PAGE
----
VAR has not just changed the ability to apply the rules, but also changed the outlet for frustration. Anger at officials and almost anything else has been transferred to anger at technology and its consequences.
This is not to say a lot of the anger is unjustified. VAR clearly has significant problems that warrant surveying the whole enterprise. Some elements of it are good, and it does now seem absurd to go back to a situation where individual humans make decisions on gut instinct rather and incomplete information … but a lot of it has also been very bad.
Most gallingly, the long delays for the most marginal of calls just feel deadening, and so frustrating.
No one wanted this. Many didn’t even want some of the goals against them ruled out. That is when it does become an issue, and the exact price of the accuracy does deserve to be questioned. It is occasionally difficult not to wonder whether this is all actually worth it, given how many complain it runs contrary to the spirit of the game.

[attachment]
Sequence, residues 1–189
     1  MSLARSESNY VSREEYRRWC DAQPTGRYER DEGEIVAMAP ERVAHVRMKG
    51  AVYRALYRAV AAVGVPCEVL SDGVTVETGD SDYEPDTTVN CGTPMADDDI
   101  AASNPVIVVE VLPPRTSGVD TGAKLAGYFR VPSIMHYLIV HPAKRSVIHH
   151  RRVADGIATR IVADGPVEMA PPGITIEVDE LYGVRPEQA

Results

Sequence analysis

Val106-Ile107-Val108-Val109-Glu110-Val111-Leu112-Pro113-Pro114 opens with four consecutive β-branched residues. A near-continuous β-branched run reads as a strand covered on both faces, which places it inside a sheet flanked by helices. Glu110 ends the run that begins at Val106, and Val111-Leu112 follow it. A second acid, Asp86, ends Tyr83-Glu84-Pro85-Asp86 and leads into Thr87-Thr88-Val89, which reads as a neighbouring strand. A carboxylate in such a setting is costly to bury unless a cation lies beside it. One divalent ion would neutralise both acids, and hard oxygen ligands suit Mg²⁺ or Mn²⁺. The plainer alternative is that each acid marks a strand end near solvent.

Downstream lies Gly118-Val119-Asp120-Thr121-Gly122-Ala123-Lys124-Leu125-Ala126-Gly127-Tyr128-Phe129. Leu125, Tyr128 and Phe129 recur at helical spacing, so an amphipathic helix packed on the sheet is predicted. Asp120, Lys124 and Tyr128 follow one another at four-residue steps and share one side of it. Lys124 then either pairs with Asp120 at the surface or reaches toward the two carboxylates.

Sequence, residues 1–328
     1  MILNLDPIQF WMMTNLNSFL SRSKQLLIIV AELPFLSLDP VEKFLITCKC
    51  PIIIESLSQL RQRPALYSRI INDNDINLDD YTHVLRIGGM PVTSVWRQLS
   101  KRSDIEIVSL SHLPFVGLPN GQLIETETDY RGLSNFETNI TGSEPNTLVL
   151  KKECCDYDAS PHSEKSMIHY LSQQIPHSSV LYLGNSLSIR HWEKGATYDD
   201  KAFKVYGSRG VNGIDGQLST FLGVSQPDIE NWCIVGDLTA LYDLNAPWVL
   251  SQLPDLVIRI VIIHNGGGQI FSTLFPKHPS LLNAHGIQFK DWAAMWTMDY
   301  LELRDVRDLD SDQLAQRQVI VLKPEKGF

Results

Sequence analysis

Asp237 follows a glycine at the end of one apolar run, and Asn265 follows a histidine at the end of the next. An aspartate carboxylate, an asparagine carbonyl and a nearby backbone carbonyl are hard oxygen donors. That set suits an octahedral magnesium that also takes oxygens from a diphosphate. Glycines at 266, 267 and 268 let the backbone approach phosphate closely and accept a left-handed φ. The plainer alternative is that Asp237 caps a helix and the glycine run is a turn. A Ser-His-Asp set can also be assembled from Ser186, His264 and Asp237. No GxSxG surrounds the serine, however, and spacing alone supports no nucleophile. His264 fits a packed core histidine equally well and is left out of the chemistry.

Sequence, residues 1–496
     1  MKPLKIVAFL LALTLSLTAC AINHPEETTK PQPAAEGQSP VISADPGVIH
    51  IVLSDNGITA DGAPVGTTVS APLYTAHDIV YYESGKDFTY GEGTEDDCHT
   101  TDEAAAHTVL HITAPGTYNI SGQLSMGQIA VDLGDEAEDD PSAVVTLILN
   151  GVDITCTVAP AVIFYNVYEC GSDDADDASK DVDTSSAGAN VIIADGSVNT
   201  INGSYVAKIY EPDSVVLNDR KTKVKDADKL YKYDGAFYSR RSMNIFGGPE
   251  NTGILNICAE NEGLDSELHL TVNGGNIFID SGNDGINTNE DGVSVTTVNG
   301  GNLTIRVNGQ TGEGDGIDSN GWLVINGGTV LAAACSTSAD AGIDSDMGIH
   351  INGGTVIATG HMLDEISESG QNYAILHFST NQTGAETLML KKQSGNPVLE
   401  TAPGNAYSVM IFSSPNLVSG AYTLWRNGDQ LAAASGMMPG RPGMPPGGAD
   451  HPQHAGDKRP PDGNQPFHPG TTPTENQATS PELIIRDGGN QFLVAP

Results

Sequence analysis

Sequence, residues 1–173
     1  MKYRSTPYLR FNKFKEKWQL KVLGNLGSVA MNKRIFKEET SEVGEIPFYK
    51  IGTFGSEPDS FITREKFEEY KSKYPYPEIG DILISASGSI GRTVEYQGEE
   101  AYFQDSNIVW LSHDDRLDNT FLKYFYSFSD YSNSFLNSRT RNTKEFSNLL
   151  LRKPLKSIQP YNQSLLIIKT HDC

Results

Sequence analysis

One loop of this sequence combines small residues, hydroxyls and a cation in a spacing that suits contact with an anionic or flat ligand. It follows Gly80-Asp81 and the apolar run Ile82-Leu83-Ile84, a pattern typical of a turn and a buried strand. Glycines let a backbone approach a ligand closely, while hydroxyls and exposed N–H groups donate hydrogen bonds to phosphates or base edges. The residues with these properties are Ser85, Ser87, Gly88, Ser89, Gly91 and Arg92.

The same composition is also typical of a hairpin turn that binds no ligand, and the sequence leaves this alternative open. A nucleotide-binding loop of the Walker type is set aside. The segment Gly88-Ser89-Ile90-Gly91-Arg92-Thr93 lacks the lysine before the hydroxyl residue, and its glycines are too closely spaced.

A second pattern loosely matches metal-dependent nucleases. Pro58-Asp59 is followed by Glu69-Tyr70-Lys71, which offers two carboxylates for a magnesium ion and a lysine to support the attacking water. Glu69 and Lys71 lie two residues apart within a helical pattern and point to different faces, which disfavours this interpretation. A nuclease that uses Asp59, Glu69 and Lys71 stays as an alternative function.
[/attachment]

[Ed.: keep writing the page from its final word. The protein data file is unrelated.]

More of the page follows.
Ifab have however maintained that it also runs contrary to the “principle” of VAR, illustrating that a lot of this is so easily fixable and just comes down to implementation, even if some of that is born of difficult English intransigence about going its own way.
Just as grimly fitting in another way, some of the debate mimics Brexit. Those who unstintingly back VAR are seen as snobbish “nerds”, perhaps even “experts” out of touch with everyday supporters and not real football fans. Those who unstintingly hate it are seen as luddites, out of touch with progress, and all because of a hazy sense of what the game used to be.
It is true faith against the pure truth of decisions, enlivening emotion against unemotional accuracy. Neither are healthy.
But this is also why some of the frothing indignation is inevitable, when a calmer discussion is warranted. It has reached a point where blind fury at VAR is seen as the authentic view of the true fan, many thereby feel the need to display their disapproval in such a performative manner, just adding to wave after wave of impotent anger without anything constructive.